Horn — a symbol of power in general (Deut. 33:17; 1 Sam. 2:1; Psa. 75:10; 89:17,24; 92:10; 132:17) — may also indicate more specifically the ox-figures of the Temple Cherubim, explicit symbols of the power of God.

The ultimate praise of God’s Creation will be that of the “New Creation” — when they are truly near unto him:

“And I heard a great voice out of heaven saying, Behold, the tabernacle of God is with men, and he will dwell with them, and they shall be his people, and God himself shall be with them, and be their God” (Rev. 21:3).

4. Praise ye the Lord

“What is praise? What does it mean to praise the Lord? Praising is not just a form of words or an outward exercise. It is no praise for God just to have words of praise coming out of a tape recorder, or a record player. Praise is a living condition — a joyful, thankful state of the mind and heart. We may remember God. We may keep Him in mind as the central reality of life. We may acquire knowledge and understanding of Him — but if all this does not lead us to be filled with praise and rejoicing in God, it is no good to us. It is mechanical. It is lifeless.

“We must be filled constantly with the joyful spirit of praise. It must be the air we breathe — the influence we radiate. God is a Person, a Father, a Center — not only of wisdom and power and righteousness and truth — but of love and goodness and kindness and joy. The people of God — the true people of God — are a glorious, joyful family, rejoicing in love for one another and for the Father of Love who has called them all unto Himself.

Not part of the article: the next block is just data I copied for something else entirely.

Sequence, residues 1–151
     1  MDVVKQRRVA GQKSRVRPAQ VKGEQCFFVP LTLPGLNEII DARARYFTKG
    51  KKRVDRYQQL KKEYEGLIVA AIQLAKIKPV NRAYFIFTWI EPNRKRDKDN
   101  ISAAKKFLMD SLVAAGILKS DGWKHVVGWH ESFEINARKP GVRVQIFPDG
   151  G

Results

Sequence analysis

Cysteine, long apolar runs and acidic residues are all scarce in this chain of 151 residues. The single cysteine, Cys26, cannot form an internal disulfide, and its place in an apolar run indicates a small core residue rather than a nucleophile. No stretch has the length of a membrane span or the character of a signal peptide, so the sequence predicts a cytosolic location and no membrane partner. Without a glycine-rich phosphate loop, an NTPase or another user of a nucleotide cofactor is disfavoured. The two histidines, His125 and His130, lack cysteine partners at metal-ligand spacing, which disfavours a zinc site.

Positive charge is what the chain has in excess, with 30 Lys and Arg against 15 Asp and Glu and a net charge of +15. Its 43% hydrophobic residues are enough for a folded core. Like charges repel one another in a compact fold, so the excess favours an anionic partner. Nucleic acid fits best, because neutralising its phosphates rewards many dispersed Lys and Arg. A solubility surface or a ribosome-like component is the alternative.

“Most people are too wrapped up in themselves to praise God. Their own little circle of activity is all their cramped little minds can reach out to. They never learn how to live in the largeness and fullness of life. Their potential for spiritual growth and expansion lie dormant and useless, like the wings of a caged bird. They are miserable prisoners of their own self-centeredness. This can happen to any of us.

“But the spirit of praise opens the doors of the cage, and lifts us up to the vast heavenly expanse, and all the petty problems of the present shrink below us into insignificance. Praise to God is the mind’s great healer and purifier. It is no meaningless coincidence that the last five psalms are all dedicated to this glorious theme, and that the final words are: ‘Praise ye the Lord’!” (G.V. Growcott)